GDP was uninspiring, but much of the March data suggests that things are back on track
At 6.1% Y/Y, Q1 GDP was disappointing to many - but also inside the expectations of every rational observer. With exports down by 20% Y/Y, this contraction is unsurprising if unwelcome.
Industrial production data for March showed a Y/Y increase of 8.3% with western industrials registering growth of 11.8% Y/Y vs. 5.2% for central regions and 3.7% for the export dependent eastern coastal regions. While production has remained resilient, profits contracted sharply with NBS reporting a 37.3% Y/Y decline for large enterprises despite the respite provided to refiners by falling oil prices.
Critically, the sequential improvement in retail sales for March suggests real consumer resilience as the increasing credit and liquidity we discussed on Monday ( “Gushing “), combined with a 11.2% Y/Y real increase in urban disposable income for the quarter (the rural population realized 8.6% cash income growth in the same period) and CPI which declined by 1.2% Y/Y for March –the second sequential negative growth month, Chinese shoppers appear to be willing to spend.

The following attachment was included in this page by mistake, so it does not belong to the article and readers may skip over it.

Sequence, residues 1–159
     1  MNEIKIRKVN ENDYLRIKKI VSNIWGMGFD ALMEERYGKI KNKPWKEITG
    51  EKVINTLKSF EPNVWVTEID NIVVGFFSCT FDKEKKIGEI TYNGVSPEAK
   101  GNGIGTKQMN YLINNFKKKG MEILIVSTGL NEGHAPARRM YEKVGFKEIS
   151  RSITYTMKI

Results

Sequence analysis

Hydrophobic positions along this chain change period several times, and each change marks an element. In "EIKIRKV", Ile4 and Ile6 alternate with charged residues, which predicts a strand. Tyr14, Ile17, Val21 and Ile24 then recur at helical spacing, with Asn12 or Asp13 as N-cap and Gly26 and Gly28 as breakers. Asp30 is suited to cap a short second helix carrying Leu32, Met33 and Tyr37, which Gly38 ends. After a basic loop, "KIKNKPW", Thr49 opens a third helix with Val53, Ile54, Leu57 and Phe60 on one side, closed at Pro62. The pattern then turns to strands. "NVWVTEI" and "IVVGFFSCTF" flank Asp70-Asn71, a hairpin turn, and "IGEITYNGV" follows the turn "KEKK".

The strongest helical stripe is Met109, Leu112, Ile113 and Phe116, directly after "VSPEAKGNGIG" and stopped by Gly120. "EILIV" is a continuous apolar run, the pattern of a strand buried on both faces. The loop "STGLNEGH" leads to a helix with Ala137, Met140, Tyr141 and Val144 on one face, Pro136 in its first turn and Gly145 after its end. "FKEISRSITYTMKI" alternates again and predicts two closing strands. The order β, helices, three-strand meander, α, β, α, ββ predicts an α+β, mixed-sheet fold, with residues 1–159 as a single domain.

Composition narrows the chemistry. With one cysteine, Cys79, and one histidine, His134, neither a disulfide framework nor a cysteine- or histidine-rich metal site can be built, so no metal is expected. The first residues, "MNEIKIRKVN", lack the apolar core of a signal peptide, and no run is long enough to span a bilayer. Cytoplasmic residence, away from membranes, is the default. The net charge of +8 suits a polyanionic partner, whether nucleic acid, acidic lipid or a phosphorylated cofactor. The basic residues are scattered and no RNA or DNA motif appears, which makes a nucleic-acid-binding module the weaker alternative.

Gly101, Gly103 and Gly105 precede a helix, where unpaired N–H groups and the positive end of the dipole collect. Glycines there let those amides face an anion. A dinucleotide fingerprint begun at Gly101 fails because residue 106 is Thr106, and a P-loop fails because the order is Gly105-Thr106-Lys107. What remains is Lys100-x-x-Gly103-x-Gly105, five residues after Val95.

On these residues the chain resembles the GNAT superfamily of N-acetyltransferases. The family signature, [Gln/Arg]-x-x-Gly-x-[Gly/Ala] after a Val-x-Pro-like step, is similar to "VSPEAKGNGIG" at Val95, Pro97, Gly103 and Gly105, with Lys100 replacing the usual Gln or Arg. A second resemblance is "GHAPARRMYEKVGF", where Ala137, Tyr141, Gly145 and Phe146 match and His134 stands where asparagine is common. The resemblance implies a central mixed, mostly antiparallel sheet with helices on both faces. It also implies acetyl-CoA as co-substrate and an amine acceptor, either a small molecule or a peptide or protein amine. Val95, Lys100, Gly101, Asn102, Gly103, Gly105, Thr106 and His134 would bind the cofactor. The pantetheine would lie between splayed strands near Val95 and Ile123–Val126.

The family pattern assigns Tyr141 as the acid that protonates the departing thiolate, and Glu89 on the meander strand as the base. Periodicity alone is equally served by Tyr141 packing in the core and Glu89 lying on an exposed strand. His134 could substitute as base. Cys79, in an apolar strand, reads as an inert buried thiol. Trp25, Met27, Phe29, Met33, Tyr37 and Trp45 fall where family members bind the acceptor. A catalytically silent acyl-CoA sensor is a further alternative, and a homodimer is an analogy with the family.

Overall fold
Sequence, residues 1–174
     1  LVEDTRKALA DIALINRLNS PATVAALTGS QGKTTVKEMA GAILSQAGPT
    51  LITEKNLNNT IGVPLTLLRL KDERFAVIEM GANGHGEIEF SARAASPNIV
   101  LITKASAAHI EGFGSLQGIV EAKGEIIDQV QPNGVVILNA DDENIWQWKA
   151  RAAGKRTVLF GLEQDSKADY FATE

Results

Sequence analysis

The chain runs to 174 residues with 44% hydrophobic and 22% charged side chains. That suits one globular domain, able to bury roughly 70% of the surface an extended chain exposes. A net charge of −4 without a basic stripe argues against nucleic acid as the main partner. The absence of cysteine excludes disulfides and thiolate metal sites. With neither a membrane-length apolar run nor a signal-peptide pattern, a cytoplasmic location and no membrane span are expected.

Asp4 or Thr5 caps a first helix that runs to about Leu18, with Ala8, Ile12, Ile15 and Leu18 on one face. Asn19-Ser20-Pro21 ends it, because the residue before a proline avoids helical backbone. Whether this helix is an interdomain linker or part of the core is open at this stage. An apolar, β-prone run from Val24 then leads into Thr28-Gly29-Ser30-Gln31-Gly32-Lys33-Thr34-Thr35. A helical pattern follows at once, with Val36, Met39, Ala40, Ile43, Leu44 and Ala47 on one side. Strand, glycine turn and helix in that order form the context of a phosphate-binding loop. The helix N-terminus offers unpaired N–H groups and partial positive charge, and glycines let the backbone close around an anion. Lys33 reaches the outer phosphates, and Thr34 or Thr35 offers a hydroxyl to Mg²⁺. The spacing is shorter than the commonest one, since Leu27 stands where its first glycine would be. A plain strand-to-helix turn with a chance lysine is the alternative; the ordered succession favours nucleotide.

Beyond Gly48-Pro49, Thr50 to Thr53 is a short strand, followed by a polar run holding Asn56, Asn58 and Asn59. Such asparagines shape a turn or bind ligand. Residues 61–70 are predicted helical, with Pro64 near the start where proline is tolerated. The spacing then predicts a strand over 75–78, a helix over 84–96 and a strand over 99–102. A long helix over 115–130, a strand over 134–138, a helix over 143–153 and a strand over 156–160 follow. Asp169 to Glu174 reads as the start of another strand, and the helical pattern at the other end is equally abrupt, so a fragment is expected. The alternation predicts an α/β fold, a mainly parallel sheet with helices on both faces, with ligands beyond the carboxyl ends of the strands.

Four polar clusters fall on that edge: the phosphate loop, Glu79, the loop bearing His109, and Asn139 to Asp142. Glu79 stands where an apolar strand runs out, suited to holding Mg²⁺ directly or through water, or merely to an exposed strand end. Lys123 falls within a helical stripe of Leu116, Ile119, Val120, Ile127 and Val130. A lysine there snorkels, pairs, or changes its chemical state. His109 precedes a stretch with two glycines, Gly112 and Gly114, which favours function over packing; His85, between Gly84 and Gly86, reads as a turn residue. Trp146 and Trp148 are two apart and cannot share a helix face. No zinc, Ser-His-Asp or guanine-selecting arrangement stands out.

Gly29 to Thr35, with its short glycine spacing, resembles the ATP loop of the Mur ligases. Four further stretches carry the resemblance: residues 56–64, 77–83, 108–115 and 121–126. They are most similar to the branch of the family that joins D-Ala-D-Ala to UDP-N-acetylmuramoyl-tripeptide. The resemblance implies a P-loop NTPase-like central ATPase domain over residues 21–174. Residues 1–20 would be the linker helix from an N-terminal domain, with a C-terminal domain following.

For our macro view, perhaps the most important data point release last night was fixed investments which clearly demonstrated that increasing stimulus juice is hitting the OX’s bloodstream at 28.5% Y/Y up from 26.5% in Feb. This continuing growth (particularly felt in the central and western regions) continues to support our thematic conviction in reflation driven by proximity to the “customer” as the stimulus measure adopted by Beijing continues to improve prospects for pragmatic commodity centric economies.
With Q1 headline data Inside the low of the anticipated range, but signs of life in March data the market’s reaction is divided as both the glass half-full and half-empty camps see support for their thesis. From our perspective, although the numbers are far from pretty, there is a clear indication that the Chinese economy has begun to find its legs.